In an effort to expand its Latin American operations, the bank sold shares in Banco Santander (Brasil) SA, in the United States and in Brazil, where the offering was that nation's biggest offering ever _ eclipsing VisaNet's $4.3 billion offering last year.
American Depository Receipts trading in New York fell 34 cents, or 2.5 percent, to $13.06 in midday trading.
The initial weakness in the U.S. trading is probably because the bank priced shares in Brazil and didn't offer the usually customary discount on what was essentially a secondary offering in the U.S., said Francis Gaskins, president of IPOdesktop.com.
Santander fully priced the stock in the U.S., which allowed the bank to pocket profits on the stock sale instead of a discounted price that may have led to a rise in the share price on Wednesday, Gaskins said.
Santander's Brazilian shares slipped 2.1 percent in their trading debut on Brazil's Bovespa exchange in Sao Paulo, and stood at 23 reals ($13.07) each in early afternoon trading.
The bank is trying to take advantage of one of the world's fastest growing and developing economies to gain a foothold in the region. Banco Santander plans to use 70 percent of money raised to open new branches and install ATMs as well as to fund increased credit transactions in its commercial banking and global wholesale banking segments. Santandar is Brazil's third largest private sector bank behind Itau-Unibanco and Bradesco.
Brazil was one of the last countries hit by the economic meltdown and was able to recover quickly because the government put in huge tax breaks. Economists expect the economy to grow between 3.5 percent and 5 percent in 2010.
The economy is likely to get additional boosts in the coming years as the country upgrades infrastructure and welcomes tourists as it plays host to soccer's World Cup in 2014 and Rio de Janeiro hosts the 2016 Summer Olympics, which it was awarded last week.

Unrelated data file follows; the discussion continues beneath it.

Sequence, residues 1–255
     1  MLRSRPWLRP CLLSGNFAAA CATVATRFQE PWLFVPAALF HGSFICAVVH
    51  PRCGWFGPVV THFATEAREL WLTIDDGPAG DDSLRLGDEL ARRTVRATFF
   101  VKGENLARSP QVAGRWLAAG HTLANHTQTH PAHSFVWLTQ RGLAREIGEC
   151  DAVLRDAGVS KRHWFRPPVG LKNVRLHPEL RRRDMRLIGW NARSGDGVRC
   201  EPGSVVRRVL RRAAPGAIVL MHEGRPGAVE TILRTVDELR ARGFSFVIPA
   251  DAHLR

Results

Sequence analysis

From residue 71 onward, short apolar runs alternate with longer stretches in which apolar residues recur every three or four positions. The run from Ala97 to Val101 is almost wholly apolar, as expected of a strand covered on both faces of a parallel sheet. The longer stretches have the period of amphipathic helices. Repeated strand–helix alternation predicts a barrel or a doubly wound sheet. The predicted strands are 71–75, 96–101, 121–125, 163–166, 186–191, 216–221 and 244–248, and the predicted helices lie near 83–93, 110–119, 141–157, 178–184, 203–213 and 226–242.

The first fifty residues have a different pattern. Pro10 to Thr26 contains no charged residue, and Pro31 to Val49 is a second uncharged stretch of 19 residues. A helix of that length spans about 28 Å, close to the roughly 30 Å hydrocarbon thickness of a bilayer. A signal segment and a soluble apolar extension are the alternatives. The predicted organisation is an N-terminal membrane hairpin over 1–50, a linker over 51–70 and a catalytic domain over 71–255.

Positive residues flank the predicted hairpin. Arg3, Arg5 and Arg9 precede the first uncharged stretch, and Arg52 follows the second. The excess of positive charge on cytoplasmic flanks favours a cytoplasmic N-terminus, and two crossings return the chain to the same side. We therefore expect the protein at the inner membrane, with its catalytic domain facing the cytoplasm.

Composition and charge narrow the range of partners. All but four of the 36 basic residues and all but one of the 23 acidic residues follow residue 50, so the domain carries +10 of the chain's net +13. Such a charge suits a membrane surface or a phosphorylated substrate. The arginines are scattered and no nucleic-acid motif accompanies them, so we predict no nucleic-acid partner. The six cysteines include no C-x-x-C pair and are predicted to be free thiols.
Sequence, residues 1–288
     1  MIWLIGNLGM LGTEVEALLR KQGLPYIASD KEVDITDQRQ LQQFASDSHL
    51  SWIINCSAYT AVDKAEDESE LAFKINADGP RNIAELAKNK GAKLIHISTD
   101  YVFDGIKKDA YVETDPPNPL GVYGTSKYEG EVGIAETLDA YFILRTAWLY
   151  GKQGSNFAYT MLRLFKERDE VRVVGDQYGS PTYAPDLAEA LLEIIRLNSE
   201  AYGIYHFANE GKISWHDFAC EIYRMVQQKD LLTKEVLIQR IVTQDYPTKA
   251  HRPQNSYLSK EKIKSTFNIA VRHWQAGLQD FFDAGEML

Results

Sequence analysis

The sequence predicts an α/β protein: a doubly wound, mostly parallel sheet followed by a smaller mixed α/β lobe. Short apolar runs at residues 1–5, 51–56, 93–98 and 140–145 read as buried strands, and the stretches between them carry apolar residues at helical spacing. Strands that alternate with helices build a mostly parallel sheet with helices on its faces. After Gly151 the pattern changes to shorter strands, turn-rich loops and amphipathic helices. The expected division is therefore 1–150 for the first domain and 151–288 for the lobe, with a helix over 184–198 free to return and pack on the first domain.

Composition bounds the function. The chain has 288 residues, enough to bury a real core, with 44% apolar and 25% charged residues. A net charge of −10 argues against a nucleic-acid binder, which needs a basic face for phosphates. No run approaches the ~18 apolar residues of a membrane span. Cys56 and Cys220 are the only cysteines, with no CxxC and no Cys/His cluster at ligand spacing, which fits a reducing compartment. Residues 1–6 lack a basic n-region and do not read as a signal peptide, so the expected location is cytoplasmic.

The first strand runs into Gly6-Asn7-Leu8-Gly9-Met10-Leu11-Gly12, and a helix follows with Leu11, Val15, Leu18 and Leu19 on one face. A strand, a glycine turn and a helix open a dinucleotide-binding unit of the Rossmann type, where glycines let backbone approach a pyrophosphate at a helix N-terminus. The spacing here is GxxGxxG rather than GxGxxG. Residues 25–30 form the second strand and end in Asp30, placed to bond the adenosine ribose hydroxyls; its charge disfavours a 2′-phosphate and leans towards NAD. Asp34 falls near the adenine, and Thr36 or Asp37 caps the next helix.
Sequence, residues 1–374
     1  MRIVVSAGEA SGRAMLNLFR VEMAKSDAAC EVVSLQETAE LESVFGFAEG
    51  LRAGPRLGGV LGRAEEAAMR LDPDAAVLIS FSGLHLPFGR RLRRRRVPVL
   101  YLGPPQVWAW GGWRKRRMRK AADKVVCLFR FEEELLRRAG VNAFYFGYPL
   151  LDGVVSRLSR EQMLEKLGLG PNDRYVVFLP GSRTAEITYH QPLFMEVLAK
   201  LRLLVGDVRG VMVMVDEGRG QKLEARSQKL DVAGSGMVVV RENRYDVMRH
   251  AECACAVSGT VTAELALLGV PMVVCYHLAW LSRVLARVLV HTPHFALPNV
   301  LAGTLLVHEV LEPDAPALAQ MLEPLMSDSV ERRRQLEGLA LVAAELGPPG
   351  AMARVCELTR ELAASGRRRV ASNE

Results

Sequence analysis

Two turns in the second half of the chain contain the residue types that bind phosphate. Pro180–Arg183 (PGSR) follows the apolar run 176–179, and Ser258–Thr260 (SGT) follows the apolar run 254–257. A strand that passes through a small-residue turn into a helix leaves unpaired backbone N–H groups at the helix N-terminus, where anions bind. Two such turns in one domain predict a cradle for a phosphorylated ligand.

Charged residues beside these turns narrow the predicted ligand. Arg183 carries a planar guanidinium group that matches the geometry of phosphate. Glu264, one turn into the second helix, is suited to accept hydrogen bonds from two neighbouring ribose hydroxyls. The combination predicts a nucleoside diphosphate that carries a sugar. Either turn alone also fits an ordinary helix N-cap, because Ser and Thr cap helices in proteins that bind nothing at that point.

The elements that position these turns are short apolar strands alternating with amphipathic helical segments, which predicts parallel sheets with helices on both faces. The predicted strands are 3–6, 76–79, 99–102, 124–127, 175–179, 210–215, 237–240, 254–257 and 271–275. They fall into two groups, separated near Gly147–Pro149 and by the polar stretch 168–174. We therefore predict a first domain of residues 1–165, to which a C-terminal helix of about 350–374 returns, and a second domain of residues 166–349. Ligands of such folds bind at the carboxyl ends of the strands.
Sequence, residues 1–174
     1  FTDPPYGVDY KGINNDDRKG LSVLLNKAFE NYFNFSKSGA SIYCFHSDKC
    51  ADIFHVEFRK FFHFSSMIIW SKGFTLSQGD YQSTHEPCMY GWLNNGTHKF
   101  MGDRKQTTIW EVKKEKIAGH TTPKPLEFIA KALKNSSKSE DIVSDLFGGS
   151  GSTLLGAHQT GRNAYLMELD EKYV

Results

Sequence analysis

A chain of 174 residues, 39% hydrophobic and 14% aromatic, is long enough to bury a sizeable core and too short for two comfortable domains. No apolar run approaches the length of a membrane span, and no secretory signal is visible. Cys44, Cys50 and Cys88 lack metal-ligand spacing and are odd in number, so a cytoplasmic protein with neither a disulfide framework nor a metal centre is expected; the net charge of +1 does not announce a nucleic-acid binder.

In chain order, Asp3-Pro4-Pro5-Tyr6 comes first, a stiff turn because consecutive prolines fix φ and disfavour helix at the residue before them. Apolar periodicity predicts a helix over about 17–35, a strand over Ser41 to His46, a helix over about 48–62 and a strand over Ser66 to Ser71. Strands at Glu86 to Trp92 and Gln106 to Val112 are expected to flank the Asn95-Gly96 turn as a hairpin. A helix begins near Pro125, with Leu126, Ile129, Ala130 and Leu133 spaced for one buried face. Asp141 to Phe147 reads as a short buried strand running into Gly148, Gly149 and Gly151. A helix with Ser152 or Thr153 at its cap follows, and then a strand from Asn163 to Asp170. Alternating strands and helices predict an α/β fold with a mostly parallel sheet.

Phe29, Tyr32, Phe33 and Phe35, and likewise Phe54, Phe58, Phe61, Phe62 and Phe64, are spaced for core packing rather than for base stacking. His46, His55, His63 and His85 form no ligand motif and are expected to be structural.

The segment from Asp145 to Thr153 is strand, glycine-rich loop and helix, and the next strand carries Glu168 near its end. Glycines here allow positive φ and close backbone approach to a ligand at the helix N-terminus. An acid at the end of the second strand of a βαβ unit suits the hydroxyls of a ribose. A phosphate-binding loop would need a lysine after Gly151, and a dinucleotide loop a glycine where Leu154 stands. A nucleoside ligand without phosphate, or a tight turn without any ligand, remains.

Lending markets in Latin America's largest nation are expanding rapidly, especially for mortgages and car and business loans. With 190 million consumers, demand for traditional banking products is also on the rise.
Banco Santander's IPO is part of a fresh wave of offerings in recent weeks as the market reheats. The IPO market was essentially nonexistent during the peak of the credit crisis late last year and into early 2009.
Despite the improving market, David Menlow, president of IPOfinancial.com, said it "doesn't sound the all clear for big deals."
Santander's strength and Brazil's growing market made the deal enticing, Menlow said. Only the stronger deals are making it to market right now, he said.
U.S. IPOs more than tripled in the third quarter compared with last year, according to business information provider Hoover's. There were 17 new issues in the third quarter in the U.S. Another 30 filings were submitted to the Securities and Exchange Commission during the quarter for upcoming offerings, including Banco Santander's stock sale.
A second IPO launched Wednesday was faring much better than Santander's offering. Insurance data specialist Verisk Analytics Inc. shares surged $5.29, or 24 percent, to $27.29.
AP Business Writer Alan Clendenning in Sao Paulo contributed to this report.